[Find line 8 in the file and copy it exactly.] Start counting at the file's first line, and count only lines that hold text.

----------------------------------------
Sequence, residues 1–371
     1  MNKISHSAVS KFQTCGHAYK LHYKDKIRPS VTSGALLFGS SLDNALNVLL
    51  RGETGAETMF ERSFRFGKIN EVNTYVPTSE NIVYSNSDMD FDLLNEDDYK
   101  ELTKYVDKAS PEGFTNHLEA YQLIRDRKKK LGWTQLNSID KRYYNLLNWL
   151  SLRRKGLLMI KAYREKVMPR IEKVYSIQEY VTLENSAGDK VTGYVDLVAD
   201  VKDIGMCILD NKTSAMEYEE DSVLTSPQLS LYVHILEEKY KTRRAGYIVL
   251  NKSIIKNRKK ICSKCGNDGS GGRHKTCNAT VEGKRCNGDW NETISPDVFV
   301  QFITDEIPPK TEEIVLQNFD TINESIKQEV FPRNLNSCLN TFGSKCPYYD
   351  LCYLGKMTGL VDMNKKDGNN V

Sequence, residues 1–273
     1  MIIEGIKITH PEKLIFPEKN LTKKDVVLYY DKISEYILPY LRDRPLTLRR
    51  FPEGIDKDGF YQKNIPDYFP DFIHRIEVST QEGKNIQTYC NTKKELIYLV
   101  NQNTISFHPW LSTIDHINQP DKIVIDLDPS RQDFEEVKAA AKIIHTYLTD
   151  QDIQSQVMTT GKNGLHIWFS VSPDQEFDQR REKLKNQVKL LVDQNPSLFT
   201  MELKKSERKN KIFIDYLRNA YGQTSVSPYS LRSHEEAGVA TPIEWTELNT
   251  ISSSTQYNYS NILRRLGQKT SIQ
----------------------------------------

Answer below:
   301  QFITDEIPPK TEEIVLQNFD TINESIKQEV FPRNLNSCLN TFGSKCPYYD